I believe BSV can generate formally verified adders.
I will soon take a look at how it handles formal verification.
This is mainly a research/investigation bug.
From what I can tell, formal is mostly applied in BSV to make sure that rules are activated once their conditions are met.
The bsc source for generating a floating point adder is here:
I'm not sure if it is formally verified.
(In reply to Yehowshua from comment #1)
> From what I can tell, formal is mostly applied in BSV to make sure that
> rules are activated once their conditions are met.
it's... complicated. the "rules" are a bit like pre-conditions from
advanced (very obscure) software engineering languages.
in combination with extremely strict (strong) typing (which i can tell
you from experience MASSIVELY interferes with and impedes development
progress), the end result is code that is absolutely 100% guaranteed
to be synthesiseable.
it's actually stronger than that: because they are using Haskell, they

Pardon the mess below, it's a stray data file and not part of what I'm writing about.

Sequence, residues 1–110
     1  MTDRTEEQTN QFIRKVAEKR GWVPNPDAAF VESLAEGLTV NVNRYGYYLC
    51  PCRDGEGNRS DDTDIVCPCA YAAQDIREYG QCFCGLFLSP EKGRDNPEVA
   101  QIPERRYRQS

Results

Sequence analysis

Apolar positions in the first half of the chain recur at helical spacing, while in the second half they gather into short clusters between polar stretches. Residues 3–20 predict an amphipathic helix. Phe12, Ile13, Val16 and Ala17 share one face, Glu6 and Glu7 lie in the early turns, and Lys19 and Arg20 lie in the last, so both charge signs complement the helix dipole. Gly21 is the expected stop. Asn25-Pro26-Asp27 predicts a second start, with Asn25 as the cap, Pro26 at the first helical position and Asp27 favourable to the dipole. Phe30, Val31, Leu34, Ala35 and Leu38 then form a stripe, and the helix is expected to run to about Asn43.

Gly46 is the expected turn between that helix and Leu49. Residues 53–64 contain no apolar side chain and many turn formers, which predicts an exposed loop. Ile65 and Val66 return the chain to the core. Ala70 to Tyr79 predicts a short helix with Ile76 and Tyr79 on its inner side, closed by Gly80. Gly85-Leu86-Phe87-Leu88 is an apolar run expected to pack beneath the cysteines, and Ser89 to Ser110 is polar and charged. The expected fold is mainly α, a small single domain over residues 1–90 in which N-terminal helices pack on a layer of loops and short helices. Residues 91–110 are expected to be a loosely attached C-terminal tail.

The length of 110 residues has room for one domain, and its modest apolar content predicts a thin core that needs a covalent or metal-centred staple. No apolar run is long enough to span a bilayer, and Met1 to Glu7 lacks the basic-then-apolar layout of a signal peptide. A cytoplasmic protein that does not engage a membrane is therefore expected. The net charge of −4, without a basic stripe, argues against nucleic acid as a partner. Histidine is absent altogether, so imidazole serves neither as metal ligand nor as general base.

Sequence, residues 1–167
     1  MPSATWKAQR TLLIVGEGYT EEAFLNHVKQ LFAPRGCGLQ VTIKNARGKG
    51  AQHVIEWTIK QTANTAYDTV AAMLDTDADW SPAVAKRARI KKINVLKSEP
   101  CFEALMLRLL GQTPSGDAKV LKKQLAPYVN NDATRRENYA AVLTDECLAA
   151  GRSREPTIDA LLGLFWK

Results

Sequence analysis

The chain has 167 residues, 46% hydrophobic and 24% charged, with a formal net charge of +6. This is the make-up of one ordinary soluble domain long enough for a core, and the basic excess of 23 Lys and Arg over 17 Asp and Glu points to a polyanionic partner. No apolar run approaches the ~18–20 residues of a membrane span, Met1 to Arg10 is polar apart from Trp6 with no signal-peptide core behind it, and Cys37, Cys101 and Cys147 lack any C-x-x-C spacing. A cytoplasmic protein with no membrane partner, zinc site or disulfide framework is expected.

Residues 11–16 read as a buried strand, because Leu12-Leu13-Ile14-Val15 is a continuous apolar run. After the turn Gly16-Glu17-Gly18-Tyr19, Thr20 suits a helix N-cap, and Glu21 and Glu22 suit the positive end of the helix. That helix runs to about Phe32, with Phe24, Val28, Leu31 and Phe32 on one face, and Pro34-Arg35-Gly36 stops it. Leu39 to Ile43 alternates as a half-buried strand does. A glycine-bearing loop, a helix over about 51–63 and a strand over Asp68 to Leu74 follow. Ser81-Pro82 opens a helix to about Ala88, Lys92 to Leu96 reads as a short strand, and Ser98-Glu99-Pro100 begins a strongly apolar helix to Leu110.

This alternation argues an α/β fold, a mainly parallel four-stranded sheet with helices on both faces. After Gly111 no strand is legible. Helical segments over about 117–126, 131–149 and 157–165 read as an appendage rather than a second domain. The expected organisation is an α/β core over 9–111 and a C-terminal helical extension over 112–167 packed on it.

have an internal Formal Correctness Proof that a program that compiles
is 100% *mathematically* guaranteed to be gate-level synthesiseable.
verilog as you know is completely incapable of making such guarantees.
this tends to fit with what you've heard about it being "able to
generate formally verified adders".
*actual* formal verification however i believe is done slightly differently,
and i've not investigated it, other than i saw a talk by Nihil for a
RVF presentation, and the code that he wrote looked extremely obvious and
easy to understand and read. the "magic" i expect was happening somewhere
behind the scenes.